In most cases, they have never considered the language they use when they are trying to make sense of something they are reading or of a problem they are solving.  Their discoveries give them options, but most importantly, their discoveries give them control.  They know what they are doing, and they understand how to set concrete, manageable goals to guide next steps.

Future entries:

  • What if their goal-directed entries don’t lead to a plausible interpretation of text?  What if they are wrong :)?
  • Using the Language of Learning to guide discussion

 

 

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Creating Meaning of Text

“A gap persists between research findings and teachers’ intentional use of strategies to promote positive student mindsets” (38).

As my Schuler Scholar school team and I read chapters in “Teaching Adolescents to Become Learners” by The University of Chicago Consortium on Chicago Research, we were especially struck by this sentence. Filling the “gap” became a challenge that guided our work with students.

We believed

• that it was important to involve students in strategy work.
• that our students had existing strategies that we needed to help them identify and name.
• that sharing strategies among students could nurture ownership and, therefore, build positive academic identity.
• that this type of sharing created an academic community within the classroom.

Throughout first semester, we engaged students in conversations and in writing about how they created meaning of difficult text. We started by focusing on strategies they used with text from English classes (Schuler SCs – with text used in reading coaching). Process talk and reflective process writing was guided by the following questions:

What strategies do you use to create meaning of difficult texts?

• Where did you get your strategy?
• How did you know to use that specific strategy with a specific text?
• Knowing what you know about yourself as a learner, why do you think that strategy works  well for you?
• What evidence do you have that this strategy actually works?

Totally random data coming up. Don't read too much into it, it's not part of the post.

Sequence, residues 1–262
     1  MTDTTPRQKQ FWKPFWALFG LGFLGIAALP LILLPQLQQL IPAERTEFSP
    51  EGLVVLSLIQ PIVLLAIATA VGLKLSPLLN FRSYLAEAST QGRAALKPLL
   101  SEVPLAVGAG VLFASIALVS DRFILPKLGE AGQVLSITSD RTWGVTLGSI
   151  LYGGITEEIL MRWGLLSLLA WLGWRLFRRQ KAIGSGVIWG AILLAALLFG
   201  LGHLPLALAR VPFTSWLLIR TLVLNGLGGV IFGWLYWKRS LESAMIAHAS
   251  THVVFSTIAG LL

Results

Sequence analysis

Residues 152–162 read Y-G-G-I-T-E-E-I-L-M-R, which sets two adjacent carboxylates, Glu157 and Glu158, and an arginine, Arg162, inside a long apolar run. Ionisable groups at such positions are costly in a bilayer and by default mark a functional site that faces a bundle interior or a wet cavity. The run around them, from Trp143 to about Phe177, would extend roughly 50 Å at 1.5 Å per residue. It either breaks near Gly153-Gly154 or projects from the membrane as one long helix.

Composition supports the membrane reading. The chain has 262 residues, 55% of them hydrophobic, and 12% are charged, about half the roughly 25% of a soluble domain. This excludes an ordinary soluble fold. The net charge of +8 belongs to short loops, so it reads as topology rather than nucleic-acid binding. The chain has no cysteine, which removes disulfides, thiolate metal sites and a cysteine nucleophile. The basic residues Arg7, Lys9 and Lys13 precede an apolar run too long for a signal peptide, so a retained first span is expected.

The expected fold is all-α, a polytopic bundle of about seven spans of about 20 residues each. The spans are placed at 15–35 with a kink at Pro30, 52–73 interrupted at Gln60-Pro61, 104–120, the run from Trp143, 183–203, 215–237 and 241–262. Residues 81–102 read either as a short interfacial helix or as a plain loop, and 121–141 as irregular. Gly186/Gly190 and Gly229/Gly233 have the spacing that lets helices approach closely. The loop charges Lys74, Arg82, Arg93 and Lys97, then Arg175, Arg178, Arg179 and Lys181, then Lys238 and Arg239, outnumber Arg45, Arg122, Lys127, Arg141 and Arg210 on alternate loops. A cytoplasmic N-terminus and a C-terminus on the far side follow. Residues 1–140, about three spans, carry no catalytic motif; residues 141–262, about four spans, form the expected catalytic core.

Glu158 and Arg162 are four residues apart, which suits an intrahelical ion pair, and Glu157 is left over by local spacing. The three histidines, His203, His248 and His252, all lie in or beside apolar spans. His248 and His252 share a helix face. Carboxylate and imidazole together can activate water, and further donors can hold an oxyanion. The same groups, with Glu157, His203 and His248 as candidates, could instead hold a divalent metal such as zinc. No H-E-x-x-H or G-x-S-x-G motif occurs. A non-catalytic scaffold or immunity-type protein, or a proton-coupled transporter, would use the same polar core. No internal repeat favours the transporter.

• Have you used this strategy with other texts/in other settings?

Ultimately, students were asked to write on a large post-it or an index card the strategy that works best for them when they need to move their understanding of text from a surface level to a deeper level of interpretation. During a staff meeting, we read their responses and grouped them into the following categories:

• Understanding references and context (text-to-text)
• Understanding two text together (text-to-text)
• Understanding textual structure
• Understanding works and sentences
• Writing to understand text
• Understanding characters and setting
• Annotation texts

What’s next?? A meaningful high school bulletin board!! Students posted their responses under the appropriate categories on a bulletin board headed “Creating Meaning of Difficult Text.” They included their name on their strategy so other students could approach them for further explanation, a sharing process that we facilitated during class/STEP.

Students were asked (a.k.a. assigned) to experiment with strategies on the board as a way to expand their personal repertoire. If the strategy worked for them, they wrote their name on a colored dot sticker and posted it on the board by the strategy.

Here is a scan of the postings from that bulletin board: How do I create meaning of difficult text?

Observations:  We saw students turn to each other for more than the answer – the quick fix.  They truly wanted to know the process that worked for other students, and since they were sharing strategies that worked for them personally, they was a comfort level in the sharing even for those students who tend to play the role of observer.  It was their process; they could not be “wrong.”

Finally, as students actively experimented with strategies, we encouraged them to add those that worked to their strategy log (described in Creating a Strategy-based Classroom).

Next post: Making Learning Visible

 

The Language of Learning

Over my years as a secondary educator, I have come to believe that, first and foremost, I have a responsibility to nurture a passion for learning in my students. As educators, we entered the profession because we love to learn – to be in school – and passing on that passion should be our legacy regardless of our subject expertise or of the chronological age of the students who enter our classroom door.